The gap from the winner to Aleix Espargaro – first CRT in 2013, first Open class rider in 2014 – was cut from 49 seconds to just 11 seconds. And even ignoring Espargaro’s Yamaha M1, the gap to the first Honda production racer – an outstanding performance by Scott Redding on the Gresini RCV1000R – was slashed to 32 seconds.

Even the cut in fuel did not affect the races as badly as many feared. It appeared that there had been some dissembling going on in both the Yamaha and Honda garages. HRC had been brushing off any suggestions that fuel may be an issue for them, while at Yamaha, there were a number of worried faces.

There was a clue that things were not as serious as feared when Jorge Lorenzo stopped worrying about fuel and focused his ire on the new Bridgestone rubber, but Valentino Rossi kept banging the fuel drum.

On race day, there was no sign of fuel issues for the Italian, Rossi telling the press conference that his engineers had done a great job to fix the fuel issues, and had given him a properly fast bike. “I think Yamaha worked well on the fuel consumption,” he said.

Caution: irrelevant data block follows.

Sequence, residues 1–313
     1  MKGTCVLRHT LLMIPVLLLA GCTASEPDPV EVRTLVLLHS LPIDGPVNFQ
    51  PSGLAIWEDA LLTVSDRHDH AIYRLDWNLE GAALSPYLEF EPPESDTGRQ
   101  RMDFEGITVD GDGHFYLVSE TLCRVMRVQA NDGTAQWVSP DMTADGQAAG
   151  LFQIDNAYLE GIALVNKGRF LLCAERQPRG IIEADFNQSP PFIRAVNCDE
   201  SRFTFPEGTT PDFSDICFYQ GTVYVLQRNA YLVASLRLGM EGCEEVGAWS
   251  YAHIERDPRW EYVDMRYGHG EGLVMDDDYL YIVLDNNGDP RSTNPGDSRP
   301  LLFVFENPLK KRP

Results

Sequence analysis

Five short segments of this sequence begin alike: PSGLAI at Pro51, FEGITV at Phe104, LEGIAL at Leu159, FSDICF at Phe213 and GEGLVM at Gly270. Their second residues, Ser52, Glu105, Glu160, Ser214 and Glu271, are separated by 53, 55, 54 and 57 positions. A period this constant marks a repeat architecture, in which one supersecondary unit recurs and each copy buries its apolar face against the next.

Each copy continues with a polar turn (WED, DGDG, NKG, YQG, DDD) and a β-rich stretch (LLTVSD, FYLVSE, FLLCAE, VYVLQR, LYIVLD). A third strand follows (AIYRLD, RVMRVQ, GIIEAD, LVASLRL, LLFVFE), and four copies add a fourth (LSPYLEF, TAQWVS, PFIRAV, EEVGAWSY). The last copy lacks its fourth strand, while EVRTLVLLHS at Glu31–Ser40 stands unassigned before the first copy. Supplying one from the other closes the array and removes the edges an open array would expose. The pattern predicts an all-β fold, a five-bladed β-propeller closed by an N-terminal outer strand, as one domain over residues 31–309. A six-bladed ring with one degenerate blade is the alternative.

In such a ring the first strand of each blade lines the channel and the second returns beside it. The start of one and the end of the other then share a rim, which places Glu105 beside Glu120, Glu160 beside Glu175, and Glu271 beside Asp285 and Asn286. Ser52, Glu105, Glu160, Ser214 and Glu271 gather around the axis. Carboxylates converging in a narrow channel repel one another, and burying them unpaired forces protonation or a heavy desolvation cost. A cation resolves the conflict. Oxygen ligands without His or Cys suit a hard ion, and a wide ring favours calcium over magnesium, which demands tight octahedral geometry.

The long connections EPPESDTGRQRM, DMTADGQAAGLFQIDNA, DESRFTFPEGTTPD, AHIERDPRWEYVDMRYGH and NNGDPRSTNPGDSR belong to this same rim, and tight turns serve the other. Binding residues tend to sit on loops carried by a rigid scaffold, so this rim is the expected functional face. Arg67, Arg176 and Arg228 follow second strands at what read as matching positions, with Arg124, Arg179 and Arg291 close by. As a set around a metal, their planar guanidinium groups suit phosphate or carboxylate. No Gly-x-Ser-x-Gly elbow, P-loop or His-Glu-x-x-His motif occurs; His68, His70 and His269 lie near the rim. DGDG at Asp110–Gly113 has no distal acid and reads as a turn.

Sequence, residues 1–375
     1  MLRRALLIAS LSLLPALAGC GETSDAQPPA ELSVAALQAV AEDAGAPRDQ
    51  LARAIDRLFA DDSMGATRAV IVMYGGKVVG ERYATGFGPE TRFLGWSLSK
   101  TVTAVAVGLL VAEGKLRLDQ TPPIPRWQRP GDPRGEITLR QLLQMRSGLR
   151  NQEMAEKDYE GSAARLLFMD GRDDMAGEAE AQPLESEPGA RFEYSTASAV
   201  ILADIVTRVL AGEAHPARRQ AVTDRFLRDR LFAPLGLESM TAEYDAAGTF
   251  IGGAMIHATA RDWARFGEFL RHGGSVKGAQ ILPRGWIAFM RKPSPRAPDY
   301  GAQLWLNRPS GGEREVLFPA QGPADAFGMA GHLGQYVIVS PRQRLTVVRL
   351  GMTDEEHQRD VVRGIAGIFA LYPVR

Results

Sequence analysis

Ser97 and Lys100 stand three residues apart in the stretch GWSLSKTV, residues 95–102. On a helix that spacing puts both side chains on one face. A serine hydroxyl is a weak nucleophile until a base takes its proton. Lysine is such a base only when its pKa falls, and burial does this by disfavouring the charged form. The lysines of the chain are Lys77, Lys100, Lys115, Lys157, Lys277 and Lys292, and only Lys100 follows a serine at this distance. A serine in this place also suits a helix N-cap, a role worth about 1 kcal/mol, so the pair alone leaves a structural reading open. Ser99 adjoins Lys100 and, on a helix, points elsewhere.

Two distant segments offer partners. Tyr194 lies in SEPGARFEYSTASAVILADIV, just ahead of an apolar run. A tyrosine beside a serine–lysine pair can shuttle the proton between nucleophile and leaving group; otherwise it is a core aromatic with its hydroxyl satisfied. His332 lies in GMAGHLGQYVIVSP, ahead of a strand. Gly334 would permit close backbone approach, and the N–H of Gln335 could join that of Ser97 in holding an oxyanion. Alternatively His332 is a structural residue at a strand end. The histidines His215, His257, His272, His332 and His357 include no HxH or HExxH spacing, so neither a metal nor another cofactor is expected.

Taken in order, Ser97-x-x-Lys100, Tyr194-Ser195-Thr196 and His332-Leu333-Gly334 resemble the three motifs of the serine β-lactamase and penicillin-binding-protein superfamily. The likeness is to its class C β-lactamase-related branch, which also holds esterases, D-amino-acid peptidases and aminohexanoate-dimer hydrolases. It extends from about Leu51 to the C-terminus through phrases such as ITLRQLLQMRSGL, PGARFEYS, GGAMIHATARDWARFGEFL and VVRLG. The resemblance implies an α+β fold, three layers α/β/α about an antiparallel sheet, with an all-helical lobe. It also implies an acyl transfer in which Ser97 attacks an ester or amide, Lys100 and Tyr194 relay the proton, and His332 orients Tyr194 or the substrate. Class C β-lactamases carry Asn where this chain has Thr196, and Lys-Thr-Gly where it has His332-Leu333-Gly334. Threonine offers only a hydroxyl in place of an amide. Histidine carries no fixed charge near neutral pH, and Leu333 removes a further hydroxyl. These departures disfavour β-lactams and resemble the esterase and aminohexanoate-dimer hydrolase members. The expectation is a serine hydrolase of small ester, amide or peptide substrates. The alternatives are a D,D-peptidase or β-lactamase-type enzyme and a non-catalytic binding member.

MotoGP: Race Results from Qatar

03/23/2014 @ 1:15 pm, by Jensen Beeler36 COMMENTS

Saturday Summary at Qatar: Marquez’s Miracle, Espargaro Under Pressure, & Honda Back in Moto3 Business

03/23/2014 @ 2:34 am, by David Emmett2 COMMENTS

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On Thursday night, it looked like a revolution had been unleashed in MotoGP. After qualifying on Saturday, that revolution has been postponed. Three Spaniards on pole, two Spaniards on the front row for both MotoGP and Moto3. No prizes for guessing the names of any of the polesitters, all three were hotly tipped favorites at the beginning of the year.

So what has changed to restore order to the proceedings? In a word, track time. When the riders took to the track on Thursday, the factory riders had a lot of catching up to do. They had been down at Phillip Island, a track which has lots of grip and puts plenty of load into the tires.

The heat resistant layer added to the 2013 tires really comes into its own, the track imbuing the riders with confidence. Qatar is a low grip track, thanks in part to the cooler temperatures at night, but the sand which continuously blows onto the track also makes it extremely abrasive, posing a double challenge to tire makers.